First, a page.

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Old 11-03-2013, 04:12 PM #1
Synnove Synnove is offline
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Default which doctor should be in charge of finding the diagnosis of underlying disease?

Please, help me all you wise members.
I am frustrated, and feel I have come to the end of "round one", if you ubderstand what I mean.
I have had so many tests and labs. and seen so many specialists.
I have gotten "objective" proof of polyneuropathy and autonomic neuropathy.
By "objective" as well as vasculitis. I mean , the doctors like to use the opposite of that word, namely" subjective" when they write regarding my symptoms, which off course are subjective, because we all know that the neuropathy both hurts and debilitate us, and we can only describe that by way of telling verbally to the doctor regarding our experiences.
My dilemma is:
I have 2 neurologists, one local that looks after the neurovascular part, as well as also acting as my local general neurologist. The other neuro is a professor with the university that I was referred to regarding my neuropathy. ( and it was pretty late in the game) He diagnosed both polyneuropath, long nerves included, sensory and motor. He also diagnosed re. small fiber neuropathy. I later had theese diagnosis confirmed by the Majo Clinic.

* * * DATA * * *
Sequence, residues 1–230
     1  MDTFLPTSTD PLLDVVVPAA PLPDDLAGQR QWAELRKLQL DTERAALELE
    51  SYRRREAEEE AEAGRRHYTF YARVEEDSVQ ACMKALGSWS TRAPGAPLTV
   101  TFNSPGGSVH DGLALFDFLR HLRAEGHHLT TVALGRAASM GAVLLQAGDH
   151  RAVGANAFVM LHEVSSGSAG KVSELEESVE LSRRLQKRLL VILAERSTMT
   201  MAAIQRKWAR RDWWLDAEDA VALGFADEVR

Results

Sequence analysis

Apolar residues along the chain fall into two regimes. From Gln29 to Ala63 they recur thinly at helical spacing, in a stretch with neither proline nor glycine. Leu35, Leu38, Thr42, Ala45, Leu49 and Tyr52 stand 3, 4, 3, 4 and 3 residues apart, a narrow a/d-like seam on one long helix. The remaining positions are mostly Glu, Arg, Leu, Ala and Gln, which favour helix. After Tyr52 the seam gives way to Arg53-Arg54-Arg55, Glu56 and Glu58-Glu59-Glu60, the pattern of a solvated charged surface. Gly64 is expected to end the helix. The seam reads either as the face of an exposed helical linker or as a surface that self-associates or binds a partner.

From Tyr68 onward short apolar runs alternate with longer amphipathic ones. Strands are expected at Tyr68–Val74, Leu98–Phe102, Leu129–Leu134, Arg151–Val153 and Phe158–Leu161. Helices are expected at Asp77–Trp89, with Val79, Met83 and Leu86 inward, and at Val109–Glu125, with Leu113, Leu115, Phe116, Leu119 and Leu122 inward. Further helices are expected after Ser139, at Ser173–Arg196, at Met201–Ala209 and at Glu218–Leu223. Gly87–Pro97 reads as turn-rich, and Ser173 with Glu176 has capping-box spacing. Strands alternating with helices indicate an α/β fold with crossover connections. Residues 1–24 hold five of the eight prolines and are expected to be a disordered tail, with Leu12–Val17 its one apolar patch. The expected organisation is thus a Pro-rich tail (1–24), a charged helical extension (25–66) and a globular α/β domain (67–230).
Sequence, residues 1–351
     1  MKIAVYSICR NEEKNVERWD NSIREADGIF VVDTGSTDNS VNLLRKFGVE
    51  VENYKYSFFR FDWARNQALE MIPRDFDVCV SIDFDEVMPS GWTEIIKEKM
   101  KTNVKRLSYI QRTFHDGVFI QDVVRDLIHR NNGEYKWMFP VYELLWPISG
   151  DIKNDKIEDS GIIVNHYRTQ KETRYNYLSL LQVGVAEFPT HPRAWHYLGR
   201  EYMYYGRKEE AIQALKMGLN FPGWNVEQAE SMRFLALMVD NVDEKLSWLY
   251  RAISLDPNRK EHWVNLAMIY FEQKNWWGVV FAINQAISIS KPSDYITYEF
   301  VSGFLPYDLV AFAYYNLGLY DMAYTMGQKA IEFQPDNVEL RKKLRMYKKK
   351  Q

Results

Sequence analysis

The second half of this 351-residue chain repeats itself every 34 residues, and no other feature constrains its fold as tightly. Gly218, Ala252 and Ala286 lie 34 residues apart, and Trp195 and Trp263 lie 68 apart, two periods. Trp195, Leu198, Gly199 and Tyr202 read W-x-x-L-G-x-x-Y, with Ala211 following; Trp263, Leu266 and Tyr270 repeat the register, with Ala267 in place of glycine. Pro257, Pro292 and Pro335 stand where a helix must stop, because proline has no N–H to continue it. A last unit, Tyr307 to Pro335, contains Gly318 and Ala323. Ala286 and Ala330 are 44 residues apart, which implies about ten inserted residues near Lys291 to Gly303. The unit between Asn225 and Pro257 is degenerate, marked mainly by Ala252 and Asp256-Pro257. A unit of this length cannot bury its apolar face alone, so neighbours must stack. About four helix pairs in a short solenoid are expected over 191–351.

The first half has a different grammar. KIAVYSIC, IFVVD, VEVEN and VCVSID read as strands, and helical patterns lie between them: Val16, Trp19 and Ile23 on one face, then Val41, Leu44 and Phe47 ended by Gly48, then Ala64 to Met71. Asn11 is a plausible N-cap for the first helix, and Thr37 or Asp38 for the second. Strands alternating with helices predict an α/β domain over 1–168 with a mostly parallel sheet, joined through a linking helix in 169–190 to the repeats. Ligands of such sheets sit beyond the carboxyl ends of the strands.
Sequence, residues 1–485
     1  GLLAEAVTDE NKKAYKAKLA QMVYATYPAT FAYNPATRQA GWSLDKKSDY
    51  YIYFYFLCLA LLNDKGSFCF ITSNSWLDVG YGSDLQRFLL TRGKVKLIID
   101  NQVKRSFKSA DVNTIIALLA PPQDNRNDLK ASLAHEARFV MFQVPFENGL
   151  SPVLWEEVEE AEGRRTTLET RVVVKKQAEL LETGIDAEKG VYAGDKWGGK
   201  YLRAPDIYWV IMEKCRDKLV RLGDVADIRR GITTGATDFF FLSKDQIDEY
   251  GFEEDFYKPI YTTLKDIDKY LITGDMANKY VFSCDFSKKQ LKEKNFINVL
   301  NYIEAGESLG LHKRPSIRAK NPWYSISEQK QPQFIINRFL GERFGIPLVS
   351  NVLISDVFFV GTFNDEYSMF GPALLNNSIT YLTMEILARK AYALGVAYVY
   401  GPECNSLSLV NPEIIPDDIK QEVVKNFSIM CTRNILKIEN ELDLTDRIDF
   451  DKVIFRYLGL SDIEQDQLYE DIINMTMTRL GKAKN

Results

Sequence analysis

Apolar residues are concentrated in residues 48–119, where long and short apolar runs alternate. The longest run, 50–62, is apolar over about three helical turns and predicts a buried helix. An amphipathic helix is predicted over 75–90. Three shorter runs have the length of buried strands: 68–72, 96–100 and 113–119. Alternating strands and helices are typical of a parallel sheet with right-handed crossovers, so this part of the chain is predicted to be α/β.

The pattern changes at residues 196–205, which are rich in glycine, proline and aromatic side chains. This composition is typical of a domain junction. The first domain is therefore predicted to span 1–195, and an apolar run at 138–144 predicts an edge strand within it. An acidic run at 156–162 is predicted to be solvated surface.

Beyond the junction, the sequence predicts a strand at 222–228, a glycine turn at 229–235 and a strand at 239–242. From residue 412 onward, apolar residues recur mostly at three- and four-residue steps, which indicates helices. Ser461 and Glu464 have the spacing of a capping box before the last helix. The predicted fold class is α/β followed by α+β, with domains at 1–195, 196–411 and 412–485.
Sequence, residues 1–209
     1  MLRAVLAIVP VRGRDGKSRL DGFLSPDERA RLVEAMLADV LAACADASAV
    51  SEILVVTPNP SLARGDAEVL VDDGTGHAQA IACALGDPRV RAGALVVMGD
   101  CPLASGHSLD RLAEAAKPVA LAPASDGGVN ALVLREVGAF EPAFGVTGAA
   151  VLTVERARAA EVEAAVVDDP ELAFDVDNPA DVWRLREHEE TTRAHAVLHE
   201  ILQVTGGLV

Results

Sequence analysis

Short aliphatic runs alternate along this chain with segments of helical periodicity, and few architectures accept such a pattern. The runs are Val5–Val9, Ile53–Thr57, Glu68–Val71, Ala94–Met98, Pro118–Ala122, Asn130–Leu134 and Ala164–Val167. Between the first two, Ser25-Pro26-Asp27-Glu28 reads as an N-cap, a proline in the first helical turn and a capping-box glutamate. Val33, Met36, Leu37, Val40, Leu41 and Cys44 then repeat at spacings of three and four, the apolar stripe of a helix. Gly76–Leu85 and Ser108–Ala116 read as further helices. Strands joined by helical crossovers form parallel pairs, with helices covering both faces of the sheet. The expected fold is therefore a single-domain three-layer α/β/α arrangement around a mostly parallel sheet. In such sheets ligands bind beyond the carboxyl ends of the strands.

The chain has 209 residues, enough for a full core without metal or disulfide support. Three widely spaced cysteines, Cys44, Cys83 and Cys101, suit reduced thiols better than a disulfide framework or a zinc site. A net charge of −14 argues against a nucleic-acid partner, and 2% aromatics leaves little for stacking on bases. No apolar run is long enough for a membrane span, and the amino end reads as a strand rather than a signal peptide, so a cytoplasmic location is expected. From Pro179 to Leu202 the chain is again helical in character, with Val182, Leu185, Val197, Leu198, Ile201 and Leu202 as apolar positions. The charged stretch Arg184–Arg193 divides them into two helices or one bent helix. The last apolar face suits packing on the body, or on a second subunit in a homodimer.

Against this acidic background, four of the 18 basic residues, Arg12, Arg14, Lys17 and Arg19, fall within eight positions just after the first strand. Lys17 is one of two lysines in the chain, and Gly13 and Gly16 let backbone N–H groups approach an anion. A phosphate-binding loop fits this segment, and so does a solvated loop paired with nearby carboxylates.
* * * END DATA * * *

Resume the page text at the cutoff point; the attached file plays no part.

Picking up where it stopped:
I have a Rheumothologist, that diagnosed the vasculitis, and is treating that, and she actually has ended up treating my neuropathy also. She says the terrible neuropathy nust be due to some autoimmune disease, but she can not find what.
So I am on high doses of Lyrica, and on Amitriptyline just to treat the symptoms. The Mayo Clinic did not do any thing for me. I drove 6 hour each way, and spent 3 nights in hotel, then came back in on week again just to see a rheumotologist, that was not available for me the first trip. (They should have had me see one) So the end of this story was that they just said" agree with present treatment, and continue with same" The neuro at Mayo just said: " at this time, we can only call it Ideopatic Neuropathy" so " we should treat the symptoms"